I tend to be a very trusting person and with students this is not always a good thing. In my school students are on computers on and off throughout the day. I mistakenly assumed my students would follow instructions and stay on the assigned website. Now don’t get me wrong I worked on monitoring my students, but my classroom works in rotations and sometimes they may have a few minutes when I was away working with another group. As far as I know my students didn’t get into too much trouble but during the 3rd term I noticed they were starting to fall behind on their work. After a little investigation I found that they had created a “chat room” using their emails. They made sure to hide the tab when I walked by so I remained clueless for about a month. I am hoping no one is judging me for this confession, but I thought I should share so no one else makes the same mistake. Once I found out what was going on I started looking into the emails and found out that almost the entire class was in on this “chat room.” Term 4 was very different because I laid down the law about what was and was not allowed when it came to the computers and 2 of my students lost computer privileges because they decided to test me.
Long story short… do not trust your sweet doe eyed students! They are in reality quite devious.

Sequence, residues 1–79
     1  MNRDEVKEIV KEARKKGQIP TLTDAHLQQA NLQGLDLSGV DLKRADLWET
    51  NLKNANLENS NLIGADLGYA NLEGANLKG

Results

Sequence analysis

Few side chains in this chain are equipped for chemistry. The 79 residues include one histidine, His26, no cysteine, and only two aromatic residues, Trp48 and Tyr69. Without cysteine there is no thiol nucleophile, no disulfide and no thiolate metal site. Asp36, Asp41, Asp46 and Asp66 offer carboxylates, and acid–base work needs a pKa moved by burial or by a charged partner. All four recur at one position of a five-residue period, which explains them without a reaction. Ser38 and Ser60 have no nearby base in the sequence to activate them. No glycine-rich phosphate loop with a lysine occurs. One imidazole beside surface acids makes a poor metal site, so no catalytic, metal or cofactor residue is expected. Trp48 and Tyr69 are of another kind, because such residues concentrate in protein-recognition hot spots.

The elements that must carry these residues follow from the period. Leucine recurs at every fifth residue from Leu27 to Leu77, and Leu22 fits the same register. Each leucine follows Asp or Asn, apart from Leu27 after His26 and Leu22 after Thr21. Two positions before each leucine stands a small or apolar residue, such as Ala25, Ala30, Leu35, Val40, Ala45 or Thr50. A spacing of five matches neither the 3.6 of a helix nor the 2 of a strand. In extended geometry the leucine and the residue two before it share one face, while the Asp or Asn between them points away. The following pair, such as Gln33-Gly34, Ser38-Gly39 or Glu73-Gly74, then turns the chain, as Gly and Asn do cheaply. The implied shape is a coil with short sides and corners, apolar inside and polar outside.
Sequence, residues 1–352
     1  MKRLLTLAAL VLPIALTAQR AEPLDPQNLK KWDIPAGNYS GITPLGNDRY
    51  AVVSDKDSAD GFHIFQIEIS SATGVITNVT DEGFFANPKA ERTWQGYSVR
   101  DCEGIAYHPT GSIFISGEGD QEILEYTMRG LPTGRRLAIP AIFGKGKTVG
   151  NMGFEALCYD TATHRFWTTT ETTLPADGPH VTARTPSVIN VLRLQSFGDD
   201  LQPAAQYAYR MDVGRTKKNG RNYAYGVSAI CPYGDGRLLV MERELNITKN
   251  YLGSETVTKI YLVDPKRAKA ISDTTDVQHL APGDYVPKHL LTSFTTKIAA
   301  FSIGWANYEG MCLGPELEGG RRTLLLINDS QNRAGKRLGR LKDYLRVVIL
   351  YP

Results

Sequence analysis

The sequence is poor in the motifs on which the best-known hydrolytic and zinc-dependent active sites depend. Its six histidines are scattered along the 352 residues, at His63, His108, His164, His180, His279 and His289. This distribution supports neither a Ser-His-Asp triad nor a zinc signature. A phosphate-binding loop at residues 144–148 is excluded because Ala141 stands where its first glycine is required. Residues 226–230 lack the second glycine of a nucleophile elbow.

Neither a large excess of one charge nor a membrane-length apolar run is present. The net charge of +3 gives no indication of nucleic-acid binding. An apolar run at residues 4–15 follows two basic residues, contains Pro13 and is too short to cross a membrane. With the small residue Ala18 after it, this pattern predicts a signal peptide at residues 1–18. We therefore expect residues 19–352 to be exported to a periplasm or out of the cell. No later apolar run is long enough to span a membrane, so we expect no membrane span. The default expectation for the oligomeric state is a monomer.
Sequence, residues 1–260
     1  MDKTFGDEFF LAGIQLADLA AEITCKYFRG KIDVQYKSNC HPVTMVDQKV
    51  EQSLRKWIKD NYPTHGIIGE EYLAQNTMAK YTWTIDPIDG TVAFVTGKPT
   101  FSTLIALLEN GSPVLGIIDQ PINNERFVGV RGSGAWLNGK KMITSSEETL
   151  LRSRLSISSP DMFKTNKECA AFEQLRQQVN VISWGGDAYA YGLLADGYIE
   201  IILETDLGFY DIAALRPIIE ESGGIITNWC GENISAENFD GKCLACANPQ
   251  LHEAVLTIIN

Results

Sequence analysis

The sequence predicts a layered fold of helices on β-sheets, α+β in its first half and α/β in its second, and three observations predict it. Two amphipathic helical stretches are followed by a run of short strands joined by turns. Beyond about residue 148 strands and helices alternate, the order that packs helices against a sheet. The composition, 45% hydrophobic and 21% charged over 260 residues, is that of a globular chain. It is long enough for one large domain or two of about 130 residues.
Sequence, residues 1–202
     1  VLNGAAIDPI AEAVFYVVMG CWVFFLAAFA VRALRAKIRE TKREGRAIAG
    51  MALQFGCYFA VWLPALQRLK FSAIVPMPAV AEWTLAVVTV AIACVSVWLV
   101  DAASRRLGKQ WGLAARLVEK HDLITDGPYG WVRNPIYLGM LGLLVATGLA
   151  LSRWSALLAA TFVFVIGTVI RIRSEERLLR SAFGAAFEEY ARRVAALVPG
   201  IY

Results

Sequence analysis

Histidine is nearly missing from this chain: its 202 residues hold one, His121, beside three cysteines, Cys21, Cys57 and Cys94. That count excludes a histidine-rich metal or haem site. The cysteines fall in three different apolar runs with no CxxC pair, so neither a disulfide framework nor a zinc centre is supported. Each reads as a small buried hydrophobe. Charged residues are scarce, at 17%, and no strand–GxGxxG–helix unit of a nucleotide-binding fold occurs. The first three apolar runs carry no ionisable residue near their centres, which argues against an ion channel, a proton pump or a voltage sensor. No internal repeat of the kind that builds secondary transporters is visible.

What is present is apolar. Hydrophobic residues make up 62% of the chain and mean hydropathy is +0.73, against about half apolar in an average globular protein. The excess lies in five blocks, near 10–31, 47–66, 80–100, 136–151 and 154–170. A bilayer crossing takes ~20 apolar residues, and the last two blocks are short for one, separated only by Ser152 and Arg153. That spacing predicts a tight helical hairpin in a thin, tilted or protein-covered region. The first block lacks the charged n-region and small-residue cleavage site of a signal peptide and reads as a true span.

3. Co-workers gossip
This may be very obvious to everyone but me but be careful what you say when you are around your co-workers! I luckily did not have anything drastic happen to me, but my co-teacher had her fair share of gossip about her. She is technically a paraprofessional, but she helps teach in my classroom. She really wants to be a full time teacher, but unfortunately my school did not have room to hire her as full time. The last few months she has been interviewing for positions at other schools. One of the schools she had applied at told her that another teacher from our school told them (during a bunko game) she was a terrible teacher and not to hire her. This teacher also told the school that she was not invited to come back to our school next year (which was not true at all). Luckily this other school called me as a reference and I set them strait about the whole thing. This little piece of gossip almost cost my friend a job opportunity. Luckily she was offered the job (although she chose to stay with me. YAY!)